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Harvard Health Blog
Why it’s so hard to lose excess weight and keep it off: The Biggest Losers’ experience
- By Robert H. Shmerling, MD, Senior Faculty Editor, Harvard Health Publishing; Editorial Advisory Board Member, Harvard Health Publishing
Follow me on Twitter @RobShmerling
For most people trying to lose weight, it’s a struggle. It takes more than good intentions and a lot of will power. One reason is that in order to lose weight, we are, in a way, fighting our own biology.
As we lose weight, the body adapts to resist it by lowering the resting metabolic rate — that’s the amount of energy spent while at rest, when the “engine” of the body is idling. Lowering the resting metabolic rate is a good thing if food is scarce and weight loss is occurring due to starvation. In that situation, it’s good that the body slows down to conserve energy and limit further weight loss.
But this evolutionary adaptation works against you if you are overweight or obese, and excess weight is a bigger threat to your health than starvation.
The experience of The Biggest Loser
Researchers have studied weight loss for decades to determine how the body responds to it. Among them are studies that enrolled participants in the television series The Biggest Loser. If you aren’t familiar with it, The Biggest Loser is a reality television series in which obese individuals compete to lose the most weight through an intensive program of exercise and dietary changes. A prior study found that after losing lots of weight, participants in The Biggest Loser had markedly reduced metabolic rates. But it was unclear how long those changes would last or whether they predicted regain of weight once the competition ended.
A new study of The Biggest Loser
A recent study looked at how participants in The Biggest Loser fared six years after their 30-week competition. Researchers publishing in the medical journal Obesity found that:
- At the end of the competition, average weight loss was nearly 128 pounds. Since the average starting weight was about 327 pounds, that’s a drop of nearly 40% of body weight.
- On average, participants experienced a 23% drop in their resting metabolic rate.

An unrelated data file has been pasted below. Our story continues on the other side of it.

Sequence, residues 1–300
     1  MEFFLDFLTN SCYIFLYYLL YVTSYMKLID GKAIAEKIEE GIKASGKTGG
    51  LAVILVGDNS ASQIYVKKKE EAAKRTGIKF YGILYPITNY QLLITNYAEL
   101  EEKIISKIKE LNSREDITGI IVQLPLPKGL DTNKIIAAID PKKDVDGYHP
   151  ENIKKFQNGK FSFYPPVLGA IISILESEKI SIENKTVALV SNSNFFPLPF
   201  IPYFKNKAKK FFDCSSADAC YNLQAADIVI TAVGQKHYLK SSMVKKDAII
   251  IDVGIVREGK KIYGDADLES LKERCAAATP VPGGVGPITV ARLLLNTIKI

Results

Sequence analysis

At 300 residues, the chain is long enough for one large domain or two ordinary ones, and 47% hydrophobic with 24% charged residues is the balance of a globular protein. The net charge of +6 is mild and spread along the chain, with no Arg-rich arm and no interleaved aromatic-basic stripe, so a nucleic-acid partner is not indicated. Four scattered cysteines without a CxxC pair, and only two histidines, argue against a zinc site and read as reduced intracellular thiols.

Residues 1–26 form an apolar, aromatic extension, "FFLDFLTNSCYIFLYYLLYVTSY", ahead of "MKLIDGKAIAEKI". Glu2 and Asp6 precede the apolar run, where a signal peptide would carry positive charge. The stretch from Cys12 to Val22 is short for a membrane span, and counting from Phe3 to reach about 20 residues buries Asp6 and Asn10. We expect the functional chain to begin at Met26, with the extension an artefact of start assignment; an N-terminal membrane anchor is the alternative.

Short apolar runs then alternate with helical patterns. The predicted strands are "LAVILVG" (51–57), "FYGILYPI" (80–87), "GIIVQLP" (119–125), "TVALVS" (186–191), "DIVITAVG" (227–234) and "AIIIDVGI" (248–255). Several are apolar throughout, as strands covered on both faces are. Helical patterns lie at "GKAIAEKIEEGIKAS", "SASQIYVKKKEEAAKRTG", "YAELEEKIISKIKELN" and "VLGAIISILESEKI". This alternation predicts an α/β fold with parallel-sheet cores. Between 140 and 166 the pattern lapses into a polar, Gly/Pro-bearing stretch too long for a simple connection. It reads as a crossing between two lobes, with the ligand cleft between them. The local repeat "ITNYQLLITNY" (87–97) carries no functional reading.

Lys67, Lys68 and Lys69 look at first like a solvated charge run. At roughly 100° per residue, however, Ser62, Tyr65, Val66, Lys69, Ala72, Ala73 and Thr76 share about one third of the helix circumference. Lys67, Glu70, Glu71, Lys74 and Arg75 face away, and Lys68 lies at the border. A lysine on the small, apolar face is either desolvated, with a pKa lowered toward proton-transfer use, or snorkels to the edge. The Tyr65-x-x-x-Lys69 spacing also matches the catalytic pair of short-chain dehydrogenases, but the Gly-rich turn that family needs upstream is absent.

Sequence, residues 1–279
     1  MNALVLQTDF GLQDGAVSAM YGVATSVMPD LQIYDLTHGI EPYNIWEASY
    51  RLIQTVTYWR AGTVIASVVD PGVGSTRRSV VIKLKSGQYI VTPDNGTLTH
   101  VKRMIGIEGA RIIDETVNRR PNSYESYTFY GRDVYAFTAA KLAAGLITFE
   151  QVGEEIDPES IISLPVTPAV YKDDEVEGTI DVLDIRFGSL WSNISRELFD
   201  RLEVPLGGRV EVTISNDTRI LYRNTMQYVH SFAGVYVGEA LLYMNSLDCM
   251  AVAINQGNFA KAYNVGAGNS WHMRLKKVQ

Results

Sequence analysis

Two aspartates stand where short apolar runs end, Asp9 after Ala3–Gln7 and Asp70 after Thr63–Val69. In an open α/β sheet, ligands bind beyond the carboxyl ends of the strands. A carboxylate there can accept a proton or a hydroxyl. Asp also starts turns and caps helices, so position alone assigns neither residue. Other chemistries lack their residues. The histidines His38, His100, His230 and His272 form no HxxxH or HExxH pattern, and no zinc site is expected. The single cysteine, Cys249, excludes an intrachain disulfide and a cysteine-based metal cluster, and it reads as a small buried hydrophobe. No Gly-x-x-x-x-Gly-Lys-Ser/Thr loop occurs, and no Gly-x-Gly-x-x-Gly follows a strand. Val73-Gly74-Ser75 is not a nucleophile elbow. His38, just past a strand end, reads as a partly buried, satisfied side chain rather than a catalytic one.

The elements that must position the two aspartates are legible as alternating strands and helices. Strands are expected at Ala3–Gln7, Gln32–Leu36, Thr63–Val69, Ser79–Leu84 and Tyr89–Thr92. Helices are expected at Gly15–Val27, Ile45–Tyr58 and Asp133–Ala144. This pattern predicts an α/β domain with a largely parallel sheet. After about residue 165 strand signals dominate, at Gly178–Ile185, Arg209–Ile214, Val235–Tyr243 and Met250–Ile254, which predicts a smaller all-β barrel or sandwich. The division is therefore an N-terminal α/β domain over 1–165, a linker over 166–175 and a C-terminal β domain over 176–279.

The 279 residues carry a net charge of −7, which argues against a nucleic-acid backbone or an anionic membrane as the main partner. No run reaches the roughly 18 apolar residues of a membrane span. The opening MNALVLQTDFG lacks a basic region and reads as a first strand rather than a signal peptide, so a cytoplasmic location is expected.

- Six years later, competitors regained an average of 90 pounds, but the significant slowing in metabolic rate persisted.
- There was not a direct correlation between the amount of metabolic slowing and the amount of weight lost during the show. However, after six years those who kept the most weight off had the most slowing.
These findings confirm that weight loss may lead to significant changes in metabolism that, in turn, resist further weight loss. In addition, keeping weight off may be especially difficult because those changes persist over time. The metabolic slowing that accompanies weight loss varies, however, so it may create less resistance to weight loss for some than others.
The findings of this research may seem discouraging if you’re trying to lose weight.
On the other hand, maybe it should provide a measure of relief to know that the reason losing weight seems like an uphill battle is that it is! It’s not just that you aren’t trying hard enough —your efforts to lose weight are being actively undermined by biological adaptations of your body that developed centuries ago during evolution and are now hardwired into your DNA.
You might wonder: is there a diet, an exercise program, or a medication that can “reset” your metabolic rate or avoid its slowing during weight loss? In fact, you may have seen books or advertisements for certain diets or supplements claiming to do just this. Unfortunately, most have little convincing long-term evidence to back them up, or the changes are too small to matter much.
The bottom line
Knowing about the adaptations your body makes during weight loss and how that can frustrate your efforts to lose weight may make the effort seem futile. But it’s not. Determination, perseverance, and a sustainable plan are good first steps. It also helps to know what you’re up against. Contestants on The Biggest Loser know that well.
About the Author
Robert H. Shmerling, MD, Senior Faculty Editor, Harvard Health Publishing; Editorial Advisory Board Member, Harvard Health Publishing
As a service to our readers, Harvard Health Publishing provides access to our library of archived content. Please note the date of last review or update on all articles.
No content on this site, regardless of date, should ever be used as a substitute for direct medical advice from your doctor or other qualified clinician.
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